Sunday, January 29, 2012

Musick has Charms to sooth a savage Breast

Says William Congreve, Wigged Whig, Misquoted Beast, & Turner of Phrases
I'm not sure how many people from DFW, aka the Metroplex, read this blog, but every once in a while I include something of local relevance.  (Last time, it was a link to the DFW Roleplayers group's webpage.)  This time, it is to spread the word about a new baroque music group, La Novella Baroque.  I love baroque, and if you have never heard it live, you owe it to yourself to address this deprivation.  It is much warmer and sweeter in person than it is recorded.  I can neither affirm nor deny the rumor that beautiful music is more enjoyable when played by beautiful people -- I'll let you decide that for yourself, gentle readers.  But the excellence of virtuosity and of pieces, presented on period instruments, means the entertainment of the old nobility is practically being given away to today's public by this excellent young group.  Even if you don't qualify for discounted tickets, the full price ones are a bargain.  If you live in the area or visit during one of their performances, I hope you will treat yourself.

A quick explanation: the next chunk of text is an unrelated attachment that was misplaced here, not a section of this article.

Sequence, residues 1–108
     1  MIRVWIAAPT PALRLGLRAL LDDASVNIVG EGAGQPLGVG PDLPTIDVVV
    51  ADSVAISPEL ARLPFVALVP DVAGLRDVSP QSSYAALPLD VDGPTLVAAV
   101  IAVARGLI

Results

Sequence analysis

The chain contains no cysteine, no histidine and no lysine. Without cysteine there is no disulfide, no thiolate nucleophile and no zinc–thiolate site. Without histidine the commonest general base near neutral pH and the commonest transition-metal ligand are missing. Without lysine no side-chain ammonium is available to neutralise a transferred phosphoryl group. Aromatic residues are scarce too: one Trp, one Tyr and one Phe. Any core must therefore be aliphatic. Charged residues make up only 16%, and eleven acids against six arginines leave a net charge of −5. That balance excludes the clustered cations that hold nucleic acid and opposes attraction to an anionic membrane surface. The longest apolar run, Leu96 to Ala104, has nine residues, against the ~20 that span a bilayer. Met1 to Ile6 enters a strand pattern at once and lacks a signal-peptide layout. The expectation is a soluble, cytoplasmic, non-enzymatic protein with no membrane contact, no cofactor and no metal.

Bravo, La Novella Baroque!

What does all this have to do with mythopoesis, you ask?  Well, how often do you consider what kind of music would populate your world?  It is another detail of world-building that can add to the sense of secondary creation.  For example, the musical explosion of early baroque represented an achievement of musical technology, the maturing of a long history of earlier musical traditions, and cultural interactions in a context of political unification and conflict.  It would take a similar setting, not necessarily with the same level of technology in other areas, to support this advanced, courtly art form.  Thinking about music in the various areas of the setting is of a piece with the structure as well as the character of that part of the setting.  Music can also be tied to characters: closer to the inspiration of this post, consider the musical component of Patrick O'Brian's Aubrey and Maturin.

Finally, if you have never listened to music while brainstorming, writing, or preparing (especially instrumental music), give it a try.  Different choices of music can make for great inspiration. 

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